The National Institute for Computational Sciences

Darter: How do I use Cray ATP to determine where and why a code died abnormally?

Darter: How do I use Cray ATP on Darter to determine where and why a code died abnormally?

Sometimes a code will work fine in many cases and circumstances but there will be a bug which only rears its head when a certain perfect storm of case and job size occurs. This causes the code to die in a strange spot and it is not obvious exactly why or where. In cases like this, Cray's ATP (Abnormal Termination Processing) can likely help!

Simply do

module load atp 

and re-compile your code without optimization (use the "-g" flag for debugging) using any backend compiler (PrgEnv) with the Cray wrappers (ftn, cc, or CC). This simultaneously helps assure that the error was not brought on by compiler optimization mistakes and creates the instrumented executable.

Now, you are ready to use ATP to generate a backtrace to the line where the code died.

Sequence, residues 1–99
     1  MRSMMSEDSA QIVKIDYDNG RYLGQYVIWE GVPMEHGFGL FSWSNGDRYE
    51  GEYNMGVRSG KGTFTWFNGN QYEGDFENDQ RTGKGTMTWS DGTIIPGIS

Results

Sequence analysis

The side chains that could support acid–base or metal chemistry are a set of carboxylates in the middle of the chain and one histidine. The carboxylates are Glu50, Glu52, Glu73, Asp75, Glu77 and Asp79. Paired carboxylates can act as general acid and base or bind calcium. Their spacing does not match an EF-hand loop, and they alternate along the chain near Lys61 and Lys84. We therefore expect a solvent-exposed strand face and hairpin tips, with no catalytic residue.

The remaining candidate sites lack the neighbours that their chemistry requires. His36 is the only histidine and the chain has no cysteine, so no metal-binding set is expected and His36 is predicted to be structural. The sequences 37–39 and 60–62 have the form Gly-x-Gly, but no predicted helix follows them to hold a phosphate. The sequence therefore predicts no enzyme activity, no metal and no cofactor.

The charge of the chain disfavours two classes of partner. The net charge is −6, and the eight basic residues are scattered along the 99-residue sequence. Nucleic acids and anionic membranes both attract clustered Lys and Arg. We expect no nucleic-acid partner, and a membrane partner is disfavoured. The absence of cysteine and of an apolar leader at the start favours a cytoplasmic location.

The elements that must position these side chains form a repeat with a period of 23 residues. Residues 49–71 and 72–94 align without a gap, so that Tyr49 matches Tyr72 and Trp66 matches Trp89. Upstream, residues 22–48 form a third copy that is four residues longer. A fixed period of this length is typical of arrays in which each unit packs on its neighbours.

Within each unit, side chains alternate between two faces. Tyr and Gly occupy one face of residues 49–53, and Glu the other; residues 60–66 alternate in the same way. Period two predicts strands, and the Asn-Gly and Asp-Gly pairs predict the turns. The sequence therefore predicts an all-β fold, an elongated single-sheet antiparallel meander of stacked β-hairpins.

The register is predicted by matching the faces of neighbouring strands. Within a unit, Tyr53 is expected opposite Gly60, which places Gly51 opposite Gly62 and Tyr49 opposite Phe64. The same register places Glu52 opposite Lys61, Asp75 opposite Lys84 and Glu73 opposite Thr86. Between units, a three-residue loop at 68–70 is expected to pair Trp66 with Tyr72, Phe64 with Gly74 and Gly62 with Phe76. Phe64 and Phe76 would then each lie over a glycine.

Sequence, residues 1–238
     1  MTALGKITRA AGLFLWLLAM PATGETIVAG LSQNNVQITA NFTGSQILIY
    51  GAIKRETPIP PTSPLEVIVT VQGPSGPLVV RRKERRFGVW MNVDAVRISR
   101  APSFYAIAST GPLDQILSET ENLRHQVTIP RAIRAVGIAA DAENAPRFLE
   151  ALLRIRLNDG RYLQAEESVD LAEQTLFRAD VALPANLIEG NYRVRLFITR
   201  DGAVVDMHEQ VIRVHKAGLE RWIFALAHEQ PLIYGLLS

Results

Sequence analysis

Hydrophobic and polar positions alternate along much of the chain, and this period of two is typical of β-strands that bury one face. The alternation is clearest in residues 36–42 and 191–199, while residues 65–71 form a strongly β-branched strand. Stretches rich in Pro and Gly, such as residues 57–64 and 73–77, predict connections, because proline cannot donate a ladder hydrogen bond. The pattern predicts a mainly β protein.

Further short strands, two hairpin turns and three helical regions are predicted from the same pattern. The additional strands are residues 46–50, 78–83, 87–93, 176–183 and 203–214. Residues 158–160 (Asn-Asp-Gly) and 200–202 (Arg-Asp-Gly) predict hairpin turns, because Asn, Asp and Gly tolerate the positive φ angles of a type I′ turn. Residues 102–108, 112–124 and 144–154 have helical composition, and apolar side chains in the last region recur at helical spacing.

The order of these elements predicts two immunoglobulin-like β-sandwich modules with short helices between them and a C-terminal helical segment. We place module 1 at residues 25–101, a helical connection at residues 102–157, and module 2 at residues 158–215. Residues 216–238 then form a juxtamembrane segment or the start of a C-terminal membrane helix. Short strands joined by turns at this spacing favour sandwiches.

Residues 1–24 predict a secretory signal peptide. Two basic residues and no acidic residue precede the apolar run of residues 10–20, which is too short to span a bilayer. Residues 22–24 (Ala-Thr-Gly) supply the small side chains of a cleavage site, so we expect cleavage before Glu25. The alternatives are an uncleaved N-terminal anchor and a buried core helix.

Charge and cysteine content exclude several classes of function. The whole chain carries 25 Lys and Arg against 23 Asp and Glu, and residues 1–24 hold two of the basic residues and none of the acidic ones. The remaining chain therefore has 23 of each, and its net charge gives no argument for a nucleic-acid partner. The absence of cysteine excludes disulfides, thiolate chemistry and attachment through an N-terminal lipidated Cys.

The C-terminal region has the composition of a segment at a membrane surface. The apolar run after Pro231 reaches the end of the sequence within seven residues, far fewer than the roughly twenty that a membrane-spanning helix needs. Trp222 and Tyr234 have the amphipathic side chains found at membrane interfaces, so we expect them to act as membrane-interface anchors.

Add the following to your PBS script to make sure that the ATP module is loaded into your aprun environment and that the ATP environment variable is set to collect information:
module load atp
export ATP_ENABLED=1

If a backtrace file appears in your directory upon run termination, search through it to find the line that your code died on. If the code completes successfully, you need to lower the compiler optimization number in order that the compiler does not optimize your code to incorrect results.

Also, you may go back and add "-traceback", an Intel compiler flag, to the compilation, which may assist in producing a traceback file as well. This only works when "ProgEnv-intel" is loaded, but you can pass it to the Cray wrappers "cc", "CC", or "ftn" and it will pass it to the backend Intel compiler.

If you are still unable to find the problem, stepping through with a debugger like DDT or Totalview may be helpful.